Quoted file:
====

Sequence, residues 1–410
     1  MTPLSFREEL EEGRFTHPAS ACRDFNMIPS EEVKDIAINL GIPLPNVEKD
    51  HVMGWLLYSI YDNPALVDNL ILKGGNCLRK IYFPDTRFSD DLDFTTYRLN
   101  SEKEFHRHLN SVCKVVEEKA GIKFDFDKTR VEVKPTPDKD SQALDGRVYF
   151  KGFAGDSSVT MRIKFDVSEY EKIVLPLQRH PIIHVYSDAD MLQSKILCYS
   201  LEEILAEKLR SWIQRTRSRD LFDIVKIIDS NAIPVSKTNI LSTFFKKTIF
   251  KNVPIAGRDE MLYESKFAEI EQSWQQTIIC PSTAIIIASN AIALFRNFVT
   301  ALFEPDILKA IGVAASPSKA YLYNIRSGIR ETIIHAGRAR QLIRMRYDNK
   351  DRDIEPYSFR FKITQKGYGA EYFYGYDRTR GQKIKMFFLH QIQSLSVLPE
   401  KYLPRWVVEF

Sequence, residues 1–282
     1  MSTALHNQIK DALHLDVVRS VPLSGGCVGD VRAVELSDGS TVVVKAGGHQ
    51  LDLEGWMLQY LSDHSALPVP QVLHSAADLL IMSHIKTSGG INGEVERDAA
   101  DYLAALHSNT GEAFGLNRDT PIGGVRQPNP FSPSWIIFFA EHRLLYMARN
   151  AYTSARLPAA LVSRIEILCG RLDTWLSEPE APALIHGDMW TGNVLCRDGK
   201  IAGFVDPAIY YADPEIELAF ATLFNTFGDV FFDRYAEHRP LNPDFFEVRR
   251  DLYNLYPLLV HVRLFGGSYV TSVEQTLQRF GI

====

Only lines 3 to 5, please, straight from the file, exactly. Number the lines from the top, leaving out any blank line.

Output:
    51  HVMGWLLYSI YDNPALVDNL ILKGGNCLRK IYFPDTRFSD DLDFTTYRLN
   101  SEKEFHRHLN SVCKVVEEKA GIKFDFDKTR VEVKPTPDKD SQALDGRVYF
   151  KGFAGDSSVT MRIKFDVSEY EKIVLPLQRH PIIHVYSDAD MLQSKILCYS